2.5 Heather Morrison
» See document:
2.6 Meghann Mouyianis
2.7 Brian Wagner

3. Legal Issues

3.1 Perry on vacation
3.1.1 Will move our 501(c)3 to top of his pile on his return
3.2 Steve has large list of things to work on

4. Open Access

4.1 email ready
4.2 Newsletter attachment public statement
4.3 Bill Doria: New issue for him
4.4 Schools moving towards making their work accessible
4.5 Support Open Source science a al Jean-Claude Bradley
4.5.1 Doing things in new ways
4.5.2 E.g., Human Genome Project
4.6 Chemistry slowest to implement owing to being major publisher with vulnerable budgets
4.7 Peer reviewed articles published as open access
4.8 Some journals charge publishing fees, others do not
4.9 NIH prefers open access
4.10 Wellcome Trust (UK) insists on open access to results
4.11 Research Councils (UK) 4/8 requiring open access to the work they fund
4.12 Make existing work open before applying for new funds

5. Funding

5.1 Colin Scholes - fundraising

6. Personnel & Roles

6.1 Director of Development
6.2 Director of Public Relations
6.3 Director of Information Technology
6.4 Director of Communications Technology
6.5 Director of Education
6.6 Director of Vaccines and Medicines
6.7 Director of Water Purification or Remediation
6.8 Director of Legal Affairs
6.9 Director of Human Resources
6.10 Project Leaders and Organizers
6.11 Graphic designer
6.12 Web designer
6.13 Other key players and roles

7. Education Project

7.1 Bill Doria will connect with Gary DeBoer re pharmaceutical testing
7.1.1 Bill may be able to start testing this coming semester
7.2 Arsenic Project
7.2.1 Will need hands in November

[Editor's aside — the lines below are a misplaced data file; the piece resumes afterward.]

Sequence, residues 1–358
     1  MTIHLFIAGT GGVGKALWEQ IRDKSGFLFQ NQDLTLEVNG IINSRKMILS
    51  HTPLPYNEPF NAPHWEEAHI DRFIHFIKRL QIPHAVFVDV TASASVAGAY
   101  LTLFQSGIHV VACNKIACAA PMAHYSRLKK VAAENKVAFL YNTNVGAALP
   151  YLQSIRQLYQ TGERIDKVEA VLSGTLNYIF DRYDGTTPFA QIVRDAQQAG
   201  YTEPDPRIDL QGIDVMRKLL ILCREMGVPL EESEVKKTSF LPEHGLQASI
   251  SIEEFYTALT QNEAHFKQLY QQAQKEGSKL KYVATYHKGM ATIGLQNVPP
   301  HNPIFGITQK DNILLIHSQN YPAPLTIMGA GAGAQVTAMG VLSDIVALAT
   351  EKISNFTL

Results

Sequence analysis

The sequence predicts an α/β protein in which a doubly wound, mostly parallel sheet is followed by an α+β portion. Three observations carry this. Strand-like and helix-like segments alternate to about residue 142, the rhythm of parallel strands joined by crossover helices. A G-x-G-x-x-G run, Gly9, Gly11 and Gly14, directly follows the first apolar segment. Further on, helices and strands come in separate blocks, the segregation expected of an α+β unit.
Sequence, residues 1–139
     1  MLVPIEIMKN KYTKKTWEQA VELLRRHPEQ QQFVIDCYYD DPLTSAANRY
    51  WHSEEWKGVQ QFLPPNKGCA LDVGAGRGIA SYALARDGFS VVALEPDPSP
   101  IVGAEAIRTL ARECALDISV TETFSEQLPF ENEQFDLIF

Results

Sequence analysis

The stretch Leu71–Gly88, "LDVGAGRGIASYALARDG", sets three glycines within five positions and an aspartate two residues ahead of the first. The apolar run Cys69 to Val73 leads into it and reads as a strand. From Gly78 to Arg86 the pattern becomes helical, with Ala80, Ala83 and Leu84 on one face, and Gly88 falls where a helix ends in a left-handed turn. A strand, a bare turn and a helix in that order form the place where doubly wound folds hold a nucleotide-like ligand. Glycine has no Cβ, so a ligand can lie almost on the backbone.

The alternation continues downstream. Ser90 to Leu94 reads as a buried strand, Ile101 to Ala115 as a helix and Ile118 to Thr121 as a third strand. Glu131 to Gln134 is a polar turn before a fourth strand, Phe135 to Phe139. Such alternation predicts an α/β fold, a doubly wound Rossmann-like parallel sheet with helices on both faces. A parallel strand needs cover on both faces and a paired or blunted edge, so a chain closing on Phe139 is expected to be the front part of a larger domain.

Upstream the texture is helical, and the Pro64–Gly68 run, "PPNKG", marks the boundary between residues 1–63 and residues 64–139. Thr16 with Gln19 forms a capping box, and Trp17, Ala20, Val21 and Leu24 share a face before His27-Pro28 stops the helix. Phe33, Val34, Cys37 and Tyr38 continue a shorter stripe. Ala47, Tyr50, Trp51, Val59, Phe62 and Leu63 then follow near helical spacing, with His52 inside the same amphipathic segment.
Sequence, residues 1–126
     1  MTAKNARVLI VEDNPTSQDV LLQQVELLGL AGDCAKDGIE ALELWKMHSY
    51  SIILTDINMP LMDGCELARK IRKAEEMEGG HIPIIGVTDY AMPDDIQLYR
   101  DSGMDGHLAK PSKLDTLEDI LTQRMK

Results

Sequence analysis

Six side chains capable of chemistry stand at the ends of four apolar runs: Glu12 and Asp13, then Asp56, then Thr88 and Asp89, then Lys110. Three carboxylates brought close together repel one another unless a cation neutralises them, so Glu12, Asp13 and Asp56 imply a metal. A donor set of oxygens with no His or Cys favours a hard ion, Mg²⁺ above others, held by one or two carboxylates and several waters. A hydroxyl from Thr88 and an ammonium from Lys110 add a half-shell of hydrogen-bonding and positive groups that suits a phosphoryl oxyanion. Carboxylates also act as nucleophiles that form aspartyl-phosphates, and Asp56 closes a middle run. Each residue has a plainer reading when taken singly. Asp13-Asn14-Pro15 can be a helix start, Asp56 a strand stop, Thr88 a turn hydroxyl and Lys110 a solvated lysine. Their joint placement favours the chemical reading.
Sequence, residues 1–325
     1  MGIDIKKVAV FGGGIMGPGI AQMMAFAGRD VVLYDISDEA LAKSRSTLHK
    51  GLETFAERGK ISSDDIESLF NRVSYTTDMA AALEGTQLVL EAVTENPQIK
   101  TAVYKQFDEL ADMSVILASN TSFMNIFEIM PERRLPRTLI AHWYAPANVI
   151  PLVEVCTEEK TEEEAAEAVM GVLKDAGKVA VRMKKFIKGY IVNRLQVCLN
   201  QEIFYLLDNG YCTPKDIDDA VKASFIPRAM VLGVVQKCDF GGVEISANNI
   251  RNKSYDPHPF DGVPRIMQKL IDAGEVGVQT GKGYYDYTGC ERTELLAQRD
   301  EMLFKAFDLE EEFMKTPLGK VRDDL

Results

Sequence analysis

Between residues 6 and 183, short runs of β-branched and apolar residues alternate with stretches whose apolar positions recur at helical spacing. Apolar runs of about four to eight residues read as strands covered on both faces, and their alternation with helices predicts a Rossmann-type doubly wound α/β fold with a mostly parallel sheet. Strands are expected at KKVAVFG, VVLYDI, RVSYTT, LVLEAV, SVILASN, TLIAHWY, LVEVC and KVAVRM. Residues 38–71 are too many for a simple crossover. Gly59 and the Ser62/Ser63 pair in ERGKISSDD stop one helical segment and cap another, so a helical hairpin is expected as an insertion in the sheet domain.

7.3 Meghann is teacher with teacher contacts

8. Conference Presentations

8.1 PowerPoint
8.2 Quicktime
8.3 Approvals
8.4 Nov 10 deadline for Chicago ACS Conference

9. Arsenic Project

9.1 Have protocol and equipment list from State of CA
9.2 Attempt to tag along with their crews instead of doing it ourselves
9.3 Sign a liability waver
9.4 What will we do with it when we get it?
9.5 How much will we need for first project?
9.6 Ask foreign members what resources local communities might have

10. Other Business

10.1 Next conference call
10.1.1 7 AM GMT, 8-24-2006
10.1.2 6 PM PST, 9-7-2006

11. Topics not dicussed this time

11.1 Communications
11.2 Vaccines & Medicines
11.3 Unfinished Business

12. Feedback

12.1 Plus
12.1.1 Very informative
12.1.2 Better idea of what group stands for
12.1.3 Better feel for what we're trying to do and what the possibilities are
12.1.4 Easier to identify goals
12.1.5 Sense that things are coming together
12.1.6 Seems like we are getting close to practical implementations
12.2 Minus
12.2.1 Didn't review conference call ground rules